Undergraduates Celebrate Second Consecutive Virtual Housing Day


Dean of Students Office Discusses Housing Day, Anti-Racism Goals


Renowned Cardiologist and Nobel Peace Prize Winner Bernard Lown Dies at 99


Native American Nonprofit Accuses Harvard of Violating Federal Graves Protection and Repatriation Act


U.S. Reps Assess Biden’s Progress on Immigration at HKS Event

Group Asks Phone-Tax Resistance

By Micrael S. Feldberg

A group of peace activists is calling on Harvard students and Faculty to risk imprisonment and fines by not paying the Federal excise tax on long distance telephone calls in protest against the Indochina war.

Calling itself TaxPax, the group is circulating a petition which urges members of the Harvard community to refuse to pay the tax, which the group calls "born in war, and regressive in effect."

The Harvard Indochina Teach-in Committee is also endorsing the tax strike, and two Faculty members-Everett I. Mendelsohn, professor of the History of Science, and Herbert C. Kelman, Richard Clarke Cabot professor of Social Ethics-will be circulating similar petitions among the Faculty.

"This tax on phone calls raises money directly for the war." James Henry '72, one of the organizers of TaxPax, said Tuesday. "It was raised from three to ten per cent in 1966 at the peak of the escalation of the war, and even Mills [Congressman Wilbur B. Mills (D-Ark.), Chairman of the House Ways and Means Committee] has said that the money is for the war."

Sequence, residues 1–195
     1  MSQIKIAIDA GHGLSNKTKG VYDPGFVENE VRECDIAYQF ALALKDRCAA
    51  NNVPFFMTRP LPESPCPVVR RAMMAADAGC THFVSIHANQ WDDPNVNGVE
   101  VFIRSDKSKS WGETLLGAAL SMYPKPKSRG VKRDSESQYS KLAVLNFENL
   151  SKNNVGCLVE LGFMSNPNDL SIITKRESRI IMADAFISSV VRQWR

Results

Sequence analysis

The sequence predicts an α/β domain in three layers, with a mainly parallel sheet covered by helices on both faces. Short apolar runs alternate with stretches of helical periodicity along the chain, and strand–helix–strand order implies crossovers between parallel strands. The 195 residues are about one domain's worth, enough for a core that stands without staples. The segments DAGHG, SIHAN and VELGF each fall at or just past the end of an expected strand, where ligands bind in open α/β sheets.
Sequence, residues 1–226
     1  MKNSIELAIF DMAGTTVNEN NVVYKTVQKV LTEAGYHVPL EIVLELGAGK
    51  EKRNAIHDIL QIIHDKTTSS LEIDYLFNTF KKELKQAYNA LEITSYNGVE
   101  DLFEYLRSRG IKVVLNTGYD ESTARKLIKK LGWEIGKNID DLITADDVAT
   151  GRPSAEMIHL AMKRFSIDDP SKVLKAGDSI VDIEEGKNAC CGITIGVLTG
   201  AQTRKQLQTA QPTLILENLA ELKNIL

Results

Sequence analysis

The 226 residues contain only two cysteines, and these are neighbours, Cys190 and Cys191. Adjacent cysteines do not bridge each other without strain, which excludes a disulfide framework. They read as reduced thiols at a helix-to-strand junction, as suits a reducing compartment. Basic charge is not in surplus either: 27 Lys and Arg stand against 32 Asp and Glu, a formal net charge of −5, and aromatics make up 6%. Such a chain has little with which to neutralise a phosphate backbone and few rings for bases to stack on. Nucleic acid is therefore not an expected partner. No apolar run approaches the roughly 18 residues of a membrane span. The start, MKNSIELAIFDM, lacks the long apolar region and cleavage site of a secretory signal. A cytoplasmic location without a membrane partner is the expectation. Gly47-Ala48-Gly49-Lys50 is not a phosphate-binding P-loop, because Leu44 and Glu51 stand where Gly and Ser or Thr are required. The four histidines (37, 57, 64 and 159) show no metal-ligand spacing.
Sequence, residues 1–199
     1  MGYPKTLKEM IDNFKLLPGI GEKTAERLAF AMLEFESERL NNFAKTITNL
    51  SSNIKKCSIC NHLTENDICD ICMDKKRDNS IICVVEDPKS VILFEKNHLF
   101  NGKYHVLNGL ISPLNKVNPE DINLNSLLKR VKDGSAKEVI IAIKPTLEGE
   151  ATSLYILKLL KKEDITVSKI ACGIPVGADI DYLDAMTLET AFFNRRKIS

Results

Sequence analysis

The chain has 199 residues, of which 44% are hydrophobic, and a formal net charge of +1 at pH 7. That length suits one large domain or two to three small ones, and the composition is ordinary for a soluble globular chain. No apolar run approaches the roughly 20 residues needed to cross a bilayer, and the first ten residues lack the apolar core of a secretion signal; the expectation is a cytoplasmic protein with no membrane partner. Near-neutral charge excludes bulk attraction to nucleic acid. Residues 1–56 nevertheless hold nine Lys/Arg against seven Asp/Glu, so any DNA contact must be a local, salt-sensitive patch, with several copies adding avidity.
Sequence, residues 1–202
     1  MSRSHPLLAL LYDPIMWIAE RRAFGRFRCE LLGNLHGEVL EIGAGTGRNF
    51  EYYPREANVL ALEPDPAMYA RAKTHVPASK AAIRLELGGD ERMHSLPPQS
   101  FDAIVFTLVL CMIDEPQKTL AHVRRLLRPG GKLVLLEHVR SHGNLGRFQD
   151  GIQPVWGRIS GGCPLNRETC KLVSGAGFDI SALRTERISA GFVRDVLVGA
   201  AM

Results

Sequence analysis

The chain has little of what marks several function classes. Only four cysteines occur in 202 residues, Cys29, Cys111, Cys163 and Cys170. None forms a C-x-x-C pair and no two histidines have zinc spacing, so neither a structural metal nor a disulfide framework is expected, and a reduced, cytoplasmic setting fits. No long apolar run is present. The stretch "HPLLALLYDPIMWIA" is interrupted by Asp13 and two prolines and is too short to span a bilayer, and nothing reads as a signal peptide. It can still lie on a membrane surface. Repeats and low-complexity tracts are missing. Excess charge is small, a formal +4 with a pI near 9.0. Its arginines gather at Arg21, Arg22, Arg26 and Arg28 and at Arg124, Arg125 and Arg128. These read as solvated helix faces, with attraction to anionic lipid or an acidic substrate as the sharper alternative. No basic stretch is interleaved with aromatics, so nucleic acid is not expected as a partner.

TaxPax organizers estimate the tax raises $1.4 billion annually.

According to Henry, people who refuse to pay this tax are liable to a one year jail sentence as well as a $10,000 fine. In addition, they could be charged with attempting "to evade or defeat" the phone tax, which carries a penalty of five years imprisonment.

"So far," Henry said, "the Internal Revenue Service (IRS) hasn't prosecuted anyone over the phone tax. What they've been doing is levying a lien on the person's bank account to get the money. They don't want to put people in jail, they just want the money."

Henry estimates that following up on tax evaders costs the IRS $400 per case, in addition to adding a lot of paperwork and confusion to the system.

A spokesman for the IRS seemedless than concerned about the proposed tax resistance.

"We respond the same way to people who evade the phone tax as to all other tax delinquents," Edward Callanan, Public Information Officer of the Boston IRS said Tuesday. "We send a bill to the person who hasn't paid the tax, and if we don't hear from him in another month we send another bill. If he still doesn't pay, then we'll take the money from his bank account or any other personal assets."

TaxPax is following the example of the Boston War Tax Resistance League, a group which has been active for over a year collecting money that would have gone to phone taxes. The group has raised over $25,000 which has gone to community action projects.

Want to keep up with breaking news? Subscribe to our email newsletter.